Korean Education

I typically write posts based on the activities and adventures I get into on the weekends.  What I have neglected to post  is about my daily life as a native English teacher in a Korean school system, which could be considered just as adventurous and exciting as my life on the weekends.  There is a new documentary coming out on Korean education created by a nineteen year old American girl.  After visiting this website I became inspired to share it with anyone out there who bothers to read my blog.  I think it is worth it for anyone to watch it to get a better idea about a day in the life of a Korean student in terms of education and body image.  I bet you didn’t know that my Korean students go to school an average of 10 hours a day and study for an average of 6 more hours a day on top of the time they are in school.  I bet you didn’t know that education is the top industry in Korea followed by plastic surgery.  I bet you didn’t know that Korean students sleep an average of 4-5 hours a night.  I bet you didn’t know that Korea has the highest suicide rate in the world.  There is no way I could possibly explain the stress and competition that Korean students face everyday. I cannot even understand it myself.  You need to hear it for yourself from the Korean students.  I ask that you watch this 15 minute video clip of this documentary in the making.  It really moved me and helped me to understand things about my students better, for example, why they are falling asleep in my classes and why they are so competitive in nature.  I want to try to write more about my day-to-day life in the Korean public school system and the things I observe everyday that are part of this bigger picture.  Enjoy the film and you can even donate money to make it happen.  I don’t know the creator of this film but I think it is very perceptive and admirable that a girl so young could create a film with a concept like this. When I was 19 I didn’t know the first thing about Korea or it’s education system for that matter. So educate yourself:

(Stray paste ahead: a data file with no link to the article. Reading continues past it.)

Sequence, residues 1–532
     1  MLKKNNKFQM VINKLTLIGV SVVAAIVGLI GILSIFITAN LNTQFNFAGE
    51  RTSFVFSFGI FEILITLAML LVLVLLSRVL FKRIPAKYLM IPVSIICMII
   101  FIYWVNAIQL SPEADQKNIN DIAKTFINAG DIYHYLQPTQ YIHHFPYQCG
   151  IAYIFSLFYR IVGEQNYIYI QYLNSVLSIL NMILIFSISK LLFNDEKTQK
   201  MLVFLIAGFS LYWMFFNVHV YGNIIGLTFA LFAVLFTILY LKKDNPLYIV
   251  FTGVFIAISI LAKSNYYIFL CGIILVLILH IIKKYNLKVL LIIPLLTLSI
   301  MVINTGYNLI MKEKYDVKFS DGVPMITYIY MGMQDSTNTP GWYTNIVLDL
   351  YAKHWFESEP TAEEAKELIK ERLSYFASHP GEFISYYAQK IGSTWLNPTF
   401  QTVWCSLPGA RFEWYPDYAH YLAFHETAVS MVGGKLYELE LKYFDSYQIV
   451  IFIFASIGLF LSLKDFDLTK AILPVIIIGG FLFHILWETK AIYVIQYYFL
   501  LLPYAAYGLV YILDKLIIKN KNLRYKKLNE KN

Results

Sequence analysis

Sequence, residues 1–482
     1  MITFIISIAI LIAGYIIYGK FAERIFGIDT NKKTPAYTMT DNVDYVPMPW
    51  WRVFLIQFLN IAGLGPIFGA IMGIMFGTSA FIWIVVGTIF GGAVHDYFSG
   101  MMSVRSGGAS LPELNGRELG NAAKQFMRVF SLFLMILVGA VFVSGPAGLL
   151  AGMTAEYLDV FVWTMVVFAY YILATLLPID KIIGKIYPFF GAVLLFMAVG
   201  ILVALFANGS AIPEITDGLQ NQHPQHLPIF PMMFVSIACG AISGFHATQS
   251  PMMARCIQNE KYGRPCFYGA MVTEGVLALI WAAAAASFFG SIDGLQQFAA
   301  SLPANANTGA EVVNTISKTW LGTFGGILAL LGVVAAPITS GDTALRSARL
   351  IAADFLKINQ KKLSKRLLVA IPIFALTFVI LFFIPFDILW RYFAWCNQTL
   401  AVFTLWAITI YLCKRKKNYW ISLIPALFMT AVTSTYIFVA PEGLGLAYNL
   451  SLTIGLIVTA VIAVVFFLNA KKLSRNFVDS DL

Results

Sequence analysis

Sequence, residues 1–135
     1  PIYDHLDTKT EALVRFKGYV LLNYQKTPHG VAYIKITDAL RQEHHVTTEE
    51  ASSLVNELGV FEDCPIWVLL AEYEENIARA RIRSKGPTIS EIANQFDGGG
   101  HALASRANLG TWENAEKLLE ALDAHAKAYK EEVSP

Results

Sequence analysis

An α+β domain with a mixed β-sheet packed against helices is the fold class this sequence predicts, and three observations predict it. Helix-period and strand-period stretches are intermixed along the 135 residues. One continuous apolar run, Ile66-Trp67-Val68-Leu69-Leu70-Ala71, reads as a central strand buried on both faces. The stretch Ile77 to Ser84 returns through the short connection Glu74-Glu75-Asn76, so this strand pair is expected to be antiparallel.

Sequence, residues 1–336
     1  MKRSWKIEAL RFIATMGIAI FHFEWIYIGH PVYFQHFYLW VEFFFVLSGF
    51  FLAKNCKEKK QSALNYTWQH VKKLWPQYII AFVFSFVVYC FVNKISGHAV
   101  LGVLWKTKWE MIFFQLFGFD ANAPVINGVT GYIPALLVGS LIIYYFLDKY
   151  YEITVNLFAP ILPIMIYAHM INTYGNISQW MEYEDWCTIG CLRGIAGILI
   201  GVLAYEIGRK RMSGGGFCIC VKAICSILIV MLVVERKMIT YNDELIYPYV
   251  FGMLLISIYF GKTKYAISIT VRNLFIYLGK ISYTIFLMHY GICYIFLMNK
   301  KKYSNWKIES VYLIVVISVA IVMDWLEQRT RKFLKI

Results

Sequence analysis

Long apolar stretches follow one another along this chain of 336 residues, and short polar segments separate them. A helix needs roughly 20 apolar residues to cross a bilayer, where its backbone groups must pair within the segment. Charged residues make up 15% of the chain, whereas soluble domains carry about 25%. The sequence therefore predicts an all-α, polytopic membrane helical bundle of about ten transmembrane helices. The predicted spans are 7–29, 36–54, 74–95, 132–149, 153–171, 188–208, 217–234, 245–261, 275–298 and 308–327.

2 responses

  1. Hello Jenny

    Pretty smart kids over there. Well summer has finally arrived.
    In the 70 and 80’s all this week. Rain has finally stopped falling.
    Waiting for August 6-13 to come as is, Jan, Alicia, Sariah & Matthew
    Lay that blanket down and look up and be lazy.

    About ready to go to bed, really tired tonight. Talk to you soon.

  2. Jen, another excellent insight into South Korean students. I wonder if it is the same for the boys? do they study as much? Are the sexes segregated at all the schools? You must be exhausted,too. Mary Ann

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